Maya Mouawad and Cyril Laurier have been collaborating on innovative artistic projects together around the world for many years, working with other artists under the name Hand Coded. They now sign their own work under their real names. In partnership with Pablo Valbuena, they were pioneers of video mapping and have continued along this path, collaborating with leading video mapping artists such as AntiVJ and Romain Tardy.
They started using AI in 2006, and Retour aux sources combines elements of the work they have presented in the past.
  • Maya Mouawad
Maya Mouawad focuses mainly on current environmental issues. Her work questions the role of machines in the modern world. How can these machines affect human behaviour?
How can they change the way we perceive ourselves in relation to nature?
Her installations usually involve technological tools such as artificial intelligence, lights and generative sound. Working with Cyril Laurier, she co-created Hand Coded, a platform for developing tools and technologies for artists. She has also collaborated with many other artists such as Pablo Valbuena, Romain Tardy, Viktoria Modesta and Ezra.
  • Cyril Laurier
Cyril Laurier studied sound at IRCAM and then completed a PhD in artificial intelligence at the Music Technology Group in Barcelona. His research involved analysing emotion in music and was published in journals, books and conferences.
He now applies his knowledge of artificial intelligence to art, notably questioning how humans interact with technology and nature.
As a musician, he is interested in generating new types of sound. He has developed tools for music labels such as Sony and Eventide, as well as for performers like Beardyman and Ezra.
This technology enthusiast tackles the issue from all angles, from the creation of electronic devices to the development of artificial intelligence software.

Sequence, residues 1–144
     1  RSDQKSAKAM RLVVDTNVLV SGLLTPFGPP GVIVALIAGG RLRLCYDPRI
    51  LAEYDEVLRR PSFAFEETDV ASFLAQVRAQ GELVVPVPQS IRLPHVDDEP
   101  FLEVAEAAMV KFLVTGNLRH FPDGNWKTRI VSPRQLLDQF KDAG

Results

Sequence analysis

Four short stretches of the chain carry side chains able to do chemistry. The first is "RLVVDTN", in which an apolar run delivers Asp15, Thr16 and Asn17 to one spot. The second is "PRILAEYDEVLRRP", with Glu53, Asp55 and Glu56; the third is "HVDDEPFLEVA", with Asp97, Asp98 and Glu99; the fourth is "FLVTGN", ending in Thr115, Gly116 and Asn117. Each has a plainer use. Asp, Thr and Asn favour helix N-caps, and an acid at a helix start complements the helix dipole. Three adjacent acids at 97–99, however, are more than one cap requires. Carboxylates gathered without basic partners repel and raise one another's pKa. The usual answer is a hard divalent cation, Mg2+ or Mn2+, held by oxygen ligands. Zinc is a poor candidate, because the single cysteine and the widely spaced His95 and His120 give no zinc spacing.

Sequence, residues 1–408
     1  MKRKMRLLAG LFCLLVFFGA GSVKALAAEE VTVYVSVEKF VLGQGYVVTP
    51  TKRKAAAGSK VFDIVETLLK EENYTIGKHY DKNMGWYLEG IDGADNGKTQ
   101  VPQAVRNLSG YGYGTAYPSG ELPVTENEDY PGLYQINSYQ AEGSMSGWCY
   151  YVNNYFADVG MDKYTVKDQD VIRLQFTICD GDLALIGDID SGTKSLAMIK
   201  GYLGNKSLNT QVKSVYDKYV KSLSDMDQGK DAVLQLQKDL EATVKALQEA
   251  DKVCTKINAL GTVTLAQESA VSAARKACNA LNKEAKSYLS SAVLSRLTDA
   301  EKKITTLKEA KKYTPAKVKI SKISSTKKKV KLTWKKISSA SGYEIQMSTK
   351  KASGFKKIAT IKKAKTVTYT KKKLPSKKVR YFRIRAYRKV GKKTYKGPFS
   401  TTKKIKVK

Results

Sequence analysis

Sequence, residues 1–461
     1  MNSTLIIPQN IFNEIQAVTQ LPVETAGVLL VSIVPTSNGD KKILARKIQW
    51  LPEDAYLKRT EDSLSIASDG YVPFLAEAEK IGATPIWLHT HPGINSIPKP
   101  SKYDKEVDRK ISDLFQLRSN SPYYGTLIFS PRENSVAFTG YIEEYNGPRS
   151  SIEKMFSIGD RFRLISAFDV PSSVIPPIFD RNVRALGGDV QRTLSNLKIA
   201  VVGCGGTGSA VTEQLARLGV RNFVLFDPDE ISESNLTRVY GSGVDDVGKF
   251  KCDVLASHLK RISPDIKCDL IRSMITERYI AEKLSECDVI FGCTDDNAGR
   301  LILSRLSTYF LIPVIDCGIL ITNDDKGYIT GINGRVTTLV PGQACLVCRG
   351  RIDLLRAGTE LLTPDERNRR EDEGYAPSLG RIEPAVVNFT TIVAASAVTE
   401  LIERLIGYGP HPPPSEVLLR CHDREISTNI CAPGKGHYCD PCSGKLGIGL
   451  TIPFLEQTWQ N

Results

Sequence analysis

Retour aux sources is an autonomous entity that inhabits the crayère chalk cellar, and is able to perceive the world around it. It expresses the changes in seasons, climate, wind, and temperature, as well as the phases in winemaking including budbreak, harvest, fermentations, riddling, maturation, and so on. And generates genuine emotion in the visitors who experience it.
Artificial intelligence techniques need data to exist. The root feeds on the data provided by the vineyard, wine production and climate. Depending on the season, the root will react in different ways to key indicators it is given.
No.1 : A PLACE
Dozens of meters below earth, there is a place where time stands still: the Ruinart crayère chalk cellars, now a UNESCO World Heritage Site. This layer of chalk once formed the bottom of an ocean that has long since been forgotten. With Retour aux sources we are striving to reconnect with our roots, those at our very core and origin.
Like a source, which is also a place for sharing and meeting, Retour aux sources strives to connect people to their origins, to their inner self.

No.2 : A ROOT